The Cults Books: Mythology

My first response to the Mythology book was to marvel at the liveness of the cover. After that, it got better.

The table of contents made me gleeful. It had so many things in that I had wanted, and several that I had not known I wanted. Why would I think of needing a map of mythology? Well, I do now. It’s got more than I realised I needed, and it’s like opening the door to a familiar garden and seeing it in technicolour, like walking down an alleyway and finding a wonderland. I had to take reading it slowly. Worse, I had to keep the contents from spilling out and gumming up marketing efforts, or I might never be given a review copy again.

Do you know how hard it is to keep something this cool a secret?

The art is not just for show. I remember marvelling at great RPG art before this, but the visuals are married to the meaning. When I first worked out how the character sheet and mechanics created a character tightly coupled to the world, I was impressed. The art here is the same – it’s an invitation to walk through the doors to Glorantha. It helps to embed the book in the world, and takes me with it. Like everything else in this book, it shows me the familiar and the new.

The layout is related to the core rulebook, but also to its own subject matter. Chapter-headers and side bars are unique to the book, and they are also pretty. The departure in style threw me at first, but I liked it a moment later. The details are their own story.

As for the subject matter, there is plenty and it is self-contradictory in the best traditions of Glorantha. Elves have their own genesis tales, and we find out about them. We learn about human fundamentals, and we learn that the in-world organisers and abusers of knowledge, the God Learners, could not solve all of these contradictions. This is the strength of Glorantha, and how to play it best. Sometimes two different and contradictory things both happened, and they do not need to be rationalised. I read through stories I didn’t know, familiar tales, and new retellings of things I hadn’t known I didn’t know properly.

The God Learners make a fine vehicle for explaining that viewpoint, giving us a monomyth that is useful for gaming, while also being a cautionary tale about the abuse of power and understanding. From a game-design point of view, they are a marvellous invention, allowing the reader to comprehend the broad themes of Glorantha. From the gamemaster’s seat, they are also a way to limit player habits, if desired. They are plot hooks and examples of hubris. And, from the in-world understanding of history, they are a mine for information and error. We’re being given a history lesson, with room for interpretation, and it’s great.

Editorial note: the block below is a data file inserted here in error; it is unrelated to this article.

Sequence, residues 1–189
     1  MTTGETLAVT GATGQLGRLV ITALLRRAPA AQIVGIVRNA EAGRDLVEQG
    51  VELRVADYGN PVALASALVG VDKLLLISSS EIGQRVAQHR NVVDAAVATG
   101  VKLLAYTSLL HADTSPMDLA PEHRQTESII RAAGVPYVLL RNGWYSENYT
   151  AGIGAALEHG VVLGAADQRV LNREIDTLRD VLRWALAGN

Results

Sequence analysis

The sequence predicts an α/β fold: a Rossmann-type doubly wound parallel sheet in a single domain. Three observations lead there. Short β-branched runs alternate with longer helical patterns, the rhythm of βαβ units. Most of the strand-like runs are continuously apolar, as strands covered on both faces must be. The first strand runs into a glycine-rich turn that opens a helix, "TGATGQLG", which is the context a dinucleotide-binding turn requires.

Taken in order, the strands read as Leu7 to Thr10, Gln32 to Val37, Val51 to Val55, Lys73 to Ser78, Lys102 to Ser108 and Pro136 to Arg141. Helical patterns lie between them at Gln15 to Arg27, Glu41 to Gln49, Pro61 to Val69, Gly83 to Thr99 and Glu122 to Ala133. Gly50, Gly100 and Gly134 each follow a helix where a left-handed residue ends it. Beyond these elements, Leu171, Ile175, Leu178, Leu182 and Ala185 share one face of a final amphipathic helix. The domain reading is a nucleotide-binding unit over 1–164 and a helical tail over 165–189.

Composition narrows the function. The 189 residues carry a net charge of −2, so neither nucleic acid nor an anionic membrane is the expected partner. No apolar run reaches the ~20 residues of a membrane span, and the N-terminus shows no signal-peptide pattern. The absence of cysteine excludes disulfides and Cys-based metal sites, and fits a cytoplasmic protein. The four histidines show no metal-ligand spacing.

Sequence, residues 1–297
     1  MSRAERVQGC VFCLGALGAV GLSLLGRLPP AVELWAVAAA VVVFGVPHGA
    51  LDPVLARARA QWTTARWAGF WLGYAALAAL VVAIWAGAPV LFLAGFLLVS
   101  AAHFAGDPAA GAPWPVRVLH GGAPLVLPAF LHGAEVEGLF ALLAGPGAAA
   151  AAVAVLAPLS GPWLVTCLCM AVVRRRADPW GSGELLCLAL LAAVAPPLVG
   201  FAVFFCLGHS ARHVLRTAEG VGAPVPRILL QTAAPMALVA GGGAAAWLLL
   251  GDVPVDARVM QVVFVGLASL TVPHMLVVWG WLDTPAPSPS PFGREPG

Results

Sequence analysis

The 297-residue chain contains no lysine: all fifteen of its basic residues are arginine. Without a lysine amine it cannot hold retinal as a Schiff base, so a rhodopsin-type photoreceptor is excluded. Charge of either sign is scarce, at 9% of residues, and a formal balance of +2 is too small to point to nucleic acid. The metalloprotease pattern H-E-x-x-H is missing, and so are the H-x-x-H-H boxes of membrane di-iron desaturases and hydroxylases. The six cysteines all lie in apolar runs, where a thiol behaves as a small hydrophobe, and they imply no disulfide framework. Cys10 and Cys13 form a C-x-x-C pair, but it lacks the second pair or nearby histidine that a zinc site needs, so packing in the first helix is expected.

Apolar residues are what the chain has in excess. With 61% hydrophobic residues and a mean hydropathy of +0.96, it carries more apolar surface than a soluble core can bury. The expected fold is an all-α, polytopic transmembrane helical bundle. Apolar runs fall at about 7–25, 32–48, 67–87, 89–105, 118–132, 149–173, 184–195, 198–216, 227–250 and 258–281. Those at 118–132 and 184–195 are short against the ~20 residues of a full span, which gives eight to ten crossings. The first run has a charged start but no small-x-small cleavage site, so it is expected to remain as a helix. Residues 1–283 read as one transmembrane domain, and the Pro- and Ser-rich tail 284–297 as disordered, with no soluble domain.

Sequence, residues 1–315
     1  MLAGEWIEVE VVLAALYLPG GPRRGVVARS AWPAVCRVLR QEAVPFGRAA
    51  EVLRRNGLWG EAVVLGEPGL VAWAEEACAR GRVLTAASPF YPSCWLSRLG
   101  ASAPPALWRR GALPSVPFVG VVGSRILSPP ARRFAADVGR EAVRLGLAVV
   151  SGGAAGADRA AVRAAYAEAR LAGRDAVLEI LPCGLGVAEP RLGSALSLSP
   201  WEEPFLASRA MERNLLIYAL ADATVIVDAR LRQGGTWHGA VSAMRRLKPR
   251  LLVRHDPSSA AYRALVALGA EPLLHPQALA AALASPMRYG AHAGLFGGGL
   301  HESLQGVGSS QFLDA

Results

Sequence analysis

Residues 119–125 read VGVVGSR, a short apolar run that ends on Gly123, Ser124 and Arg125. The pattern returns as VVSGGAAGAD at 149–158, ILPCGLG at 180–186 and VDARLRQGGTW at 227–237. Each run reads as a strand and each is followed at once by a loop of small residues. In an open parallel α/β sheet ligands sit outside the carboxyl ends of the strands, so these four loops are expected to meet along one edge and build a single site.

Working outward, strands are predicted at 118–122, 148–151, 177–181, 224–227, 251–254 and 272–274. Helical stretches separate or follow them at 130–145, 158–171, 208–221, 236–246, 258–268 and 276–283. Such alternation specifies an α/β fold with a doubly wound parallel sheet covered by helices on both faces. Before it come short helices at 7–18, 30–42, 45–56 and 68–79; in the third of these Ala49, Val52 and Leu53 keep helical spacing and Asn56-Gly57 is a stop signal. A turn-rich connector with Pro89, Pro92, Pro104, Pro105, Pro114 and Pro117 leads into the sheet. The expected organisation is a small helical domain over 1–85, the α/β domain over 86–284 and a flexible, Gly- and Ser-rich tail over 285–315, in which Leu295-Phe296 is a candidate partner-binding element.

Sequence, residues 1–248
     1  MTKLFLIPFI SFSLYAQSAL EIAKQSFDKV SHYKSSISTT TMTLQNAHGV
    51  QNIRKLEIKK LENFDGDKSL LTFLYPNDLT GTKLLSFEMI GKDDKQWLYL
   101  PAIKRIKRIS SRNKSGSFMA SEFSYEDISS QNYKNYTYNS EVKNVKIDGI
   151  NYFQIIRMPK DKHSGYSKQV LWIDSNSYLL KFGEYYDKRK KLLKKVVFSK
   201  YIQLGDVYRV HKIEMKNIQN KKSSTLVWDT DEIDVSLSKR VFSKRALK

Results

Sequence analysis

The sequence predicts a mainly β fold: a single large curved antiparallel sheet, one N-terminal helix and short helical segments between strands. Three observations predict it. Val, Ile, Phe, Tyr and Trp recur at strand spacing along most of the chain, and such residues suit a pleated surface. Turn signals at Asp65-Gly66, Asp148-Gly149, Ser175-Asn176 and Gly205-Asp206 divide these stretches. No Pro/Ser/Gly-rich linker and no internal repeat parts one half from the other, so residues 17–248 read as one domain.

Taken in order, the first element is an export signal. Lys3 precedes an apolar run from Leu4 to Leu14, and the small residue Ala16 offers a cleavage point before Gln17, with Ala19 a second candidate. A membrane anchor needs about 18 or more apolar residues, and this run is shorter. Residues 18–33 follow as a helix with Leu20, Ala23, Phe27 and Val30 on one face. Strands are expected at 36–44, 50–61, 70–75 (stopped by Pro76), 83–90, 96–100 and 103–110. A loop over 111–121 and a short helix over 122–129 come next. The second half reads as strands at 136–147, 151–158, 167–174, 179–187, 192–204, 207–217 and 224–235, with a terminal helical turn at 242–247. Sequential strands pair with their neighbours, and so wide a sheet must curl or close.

There is one big problem I have with these stories, which is that I waited so long for them that I’ve filled in a lot of gaps. As a newbie to RuneQuest Glorantha at its launch, without any knowledge of previous rules or books, I had very little to go on, but I like making up stories. So, some of this does not go with what I have made up. It’s not a problem for the future, but it is an annoyance now. Fortunately the concept of in-world untrustworthy narrators papers those gaps. That’s a criticism that emerges from how long this series took, from their genesis as a single document, to the near-dozen hardbacks now planned.

Still, most of what I have learned was new or did not contradict what I had already done, and as for the rest, I can find ways around it. The gaps in understanding tended to be personal to me, and this is a book that fills in huge vistas with grand sweeps. It’s not going to be a problem for the new generation that I hope will be coming to RuneQuest, given their high quality output.

Now, at this point, you might want to take a break for lunch, because we’re only halfway through the book. After the history lesson, there is guidance on cults, on creating them, and on imagining how they work within Glorantha. Here there’s another telling of the Contests of Yelm and Orlanth, and it’s yet another different one, and this is vital to understanding how the world, and this book, work. The whole thing’s an invitation to participation through imagination.

Then, we get to mythic maps. If you’re travelling in the magical world, you can’t just leap from place to place, but if you’re Orlanth or Makastos you might be able to leap from mountain to mountain. If you’re a different god, or a mortal, you’ll have other ways of travelling, and these maps make sense of what you might find and how, and the trouble you’ll get into. And, because they’re maps of myth, they’re also maps of history.

There are so many other things in here too, details that I’m going to be picking up for years to come. I worked my way through the book and eventually got to the point where I just stopped typing. Do what I did. Start by staring at the Table of Contents, and let your mind get carried away, then read, and read, and stop to think, and read again.

So in general how is it? Well, it would be highly unprofessional to type out the words I said on first opening the book, but this is Glorantha. It has a proud tradition of quirky beast-folk. For once, autocorrect can have its way.

The book is ducking awesome.

The Mythology book is available from DriveThruRPG, DriveThruRPG but without our affiliate link, and the Chaosium Website as a PDF, Standard Hardback, or Leatherette. If you buy it as a book from Chaosium, you get a free PDF as well.

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